Kearny police settle contract


Members of Kearny’s police unions scored 11 promotions through the ranks and got new 4-year contracts with pay raises.

But as part of the new labor agreements approved by the town governing body last Tuesday, they also agreed to accept a new work schedule, starting Feb. 1, compelling them to put in more time through longer shifts.

Other concessions won by the town include no longevity for new hires, a downwards revised Table of Organization (T.O.) from 120 to 100 and limiting subbing for a superior officer to “one rank above his current rank.”

Under the revised “Pitman” work schedule – which, according to town and PBA officials, was pushed by the state monitor – cops will work 12-hour shifts under a two-week work cycle that goes like this: two days on-duty, two days off, three days on, two days off, two days on and three days off with every other weekend off.

Asked how the union membership is taking the change, PBA Local 21 President Tom Pontrella said that when it was first proposed, “most guys were nervous about it” but are now pretty much reconciled to it.

“In my case,” Pontrella said, “right now, I come to work at 10 p.m. and leave at 6 a.m. but under the new schedule, I’ll be working from 6 p.m. to 6 a.m. so I’ll be losing four hours that I now spend with my family each day. But then again, I’ll have more days at home. You make changes and roll with it.”

After all the discussion on pros and cons, Pontrella said the rank-and-file and superior officer memberships voted “overwhelmingly” to ratify the new agreements.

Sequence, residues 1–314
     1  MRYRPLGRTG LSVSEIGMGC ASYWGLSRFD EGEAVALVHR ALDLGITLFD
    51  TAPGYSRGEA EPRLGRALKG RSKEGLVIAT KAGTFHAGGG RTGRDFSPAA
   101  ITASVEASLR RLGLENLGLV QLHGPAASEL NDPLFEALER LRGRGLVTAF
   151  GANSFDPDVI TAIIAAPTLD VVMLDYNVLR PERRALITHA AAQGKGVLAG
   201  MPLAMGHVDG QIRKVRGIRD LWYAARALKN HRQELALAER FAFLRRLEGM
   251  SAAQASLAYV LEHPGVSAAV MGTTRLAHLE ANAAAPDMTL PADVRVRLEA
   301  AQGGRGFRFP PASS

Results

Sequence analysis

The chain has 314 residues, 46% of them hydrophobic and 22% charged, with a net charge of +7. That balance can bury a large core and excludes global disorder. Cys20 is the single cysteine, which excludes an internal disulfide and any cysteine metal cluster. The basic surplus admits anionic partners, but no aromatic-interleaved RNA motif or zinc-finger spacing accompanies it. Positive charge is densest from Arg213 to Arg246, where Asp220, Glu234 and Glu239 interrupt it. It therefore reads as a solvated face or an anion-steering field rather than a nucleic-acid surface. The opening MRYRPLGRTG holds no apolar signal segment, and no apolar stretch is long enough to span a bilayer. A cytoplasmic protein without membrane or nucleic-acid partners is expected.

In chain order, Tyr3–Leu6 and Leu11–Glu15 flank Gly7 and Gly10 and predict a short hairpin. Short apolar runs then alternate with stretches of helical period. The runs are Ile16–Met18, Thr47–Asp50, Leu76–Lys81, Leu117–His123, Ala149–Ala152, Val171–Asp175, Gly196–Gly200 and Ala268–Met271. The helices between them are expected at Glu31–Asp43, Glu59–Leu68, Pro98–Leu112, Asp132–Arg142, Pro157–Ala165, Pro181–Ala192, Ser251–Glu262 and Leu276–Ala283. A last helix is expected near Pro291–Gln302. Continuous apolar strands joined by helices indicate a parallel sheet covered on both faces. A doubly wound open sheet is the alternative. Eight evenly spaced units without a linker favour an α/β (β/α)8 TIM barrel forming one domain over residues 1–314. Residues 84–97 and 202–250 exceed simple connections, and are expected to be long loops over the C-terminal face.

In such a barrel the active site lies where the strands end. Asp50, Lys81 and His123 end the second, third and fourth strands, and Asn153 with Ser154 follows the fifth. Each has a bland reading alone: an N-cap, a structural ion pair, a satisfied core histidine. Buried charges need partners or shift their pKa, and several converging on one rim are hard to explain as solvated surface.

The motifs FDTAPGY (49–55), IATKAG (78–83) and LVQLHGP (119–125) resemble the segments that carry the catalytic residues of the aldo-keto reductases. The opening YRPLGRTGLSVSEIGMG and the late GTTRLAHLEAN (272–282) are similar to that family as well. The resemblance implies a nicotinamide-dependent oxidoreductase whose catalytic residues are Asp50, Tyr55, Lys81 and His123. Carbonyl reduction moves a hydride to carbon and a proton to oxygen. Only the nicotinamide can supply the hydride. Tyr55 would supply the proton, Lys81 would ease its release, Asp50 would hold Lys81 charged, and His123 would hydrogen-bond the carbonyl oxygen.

Over the life of the new rank-and-file contracts, top base pay for police officer will go to $109,187.

With all cops now slated to work 233 more hours annually, additional compensation built into their new labor contract seemed justified, Mayor Alberto Santos said. With that in mind, cops’ base pay will be raised 6.5%, retroactive to Jan. 1, 2016; 0% for 2017 and 2018; and 1.75% for 2019.

Town CFO Shuaib Firozvi told The Observer that the contract complies with the state’s 2% cap mandate “over the course of the contract since there are two years with 0% increase and last year at 1.75%.”

As for the police T.O., the maximum number allowed by town ordinance for each rank, except for chief, will be reduced: deputy chief, two down to one; captain, seven to four; lieutenant, nine to seven; sergeant, 19 to 17; and police officer, 82 to 70.

Over the life of the new rank-and-file contracts, top base pay for police officer will go to $109,187.

For superior officers hired prior to January 2013 and promoted after Jan. 2013, top pay for sergeant will end up at $128,296; lieutenant, $144,335; and captain, $162,378.

For superiors hired and promoted after Jan. 2013, top pay for sergeant goes to $125,565; lieutenant, $138,128; and captain, $151,935.

And, for superiors hired and promoted prior to Jan. 2013, sergeant’s top pay goes to $128,296; lieutenant, $144,335; captain, $162,378; and deputy chief, $172,388.